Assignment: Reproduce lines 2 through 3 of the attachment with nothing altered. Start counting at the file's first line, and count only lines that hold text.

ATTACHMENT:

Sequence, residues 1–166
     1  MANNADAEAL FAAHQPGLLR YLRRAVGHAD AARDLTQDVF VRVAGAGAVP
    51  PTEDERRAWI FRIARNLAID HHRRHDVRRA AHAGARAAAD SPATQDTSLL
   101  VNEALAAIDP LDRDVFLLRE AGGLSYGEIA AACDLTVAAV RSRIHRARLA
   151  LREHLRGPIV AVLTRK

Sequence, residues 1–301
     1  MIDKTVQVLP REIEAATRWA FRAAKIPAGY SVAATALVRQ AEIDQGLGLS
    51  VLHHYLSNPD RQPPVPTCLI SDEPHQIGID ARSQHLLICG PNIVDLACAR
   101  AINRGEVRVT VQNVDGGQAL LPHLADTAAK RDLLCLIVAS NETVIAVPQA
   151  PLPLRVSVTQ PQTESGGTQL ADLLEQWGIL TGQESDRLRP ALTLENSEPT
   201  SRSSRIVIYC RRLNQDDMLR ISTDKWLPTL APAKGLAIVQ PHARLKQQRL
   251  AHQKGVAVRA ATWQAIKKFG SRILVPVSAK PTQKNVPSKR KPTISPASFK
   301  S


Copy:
     1  MANNADAEAL FAAHQPGLLR YLRRAVGHAD AARDLTQDVF VRVAGAGAVP
    51  PTEDERRAWI FRIARNLAID HHRRHDVRRA AHAGARAAAD SPATQDTSLL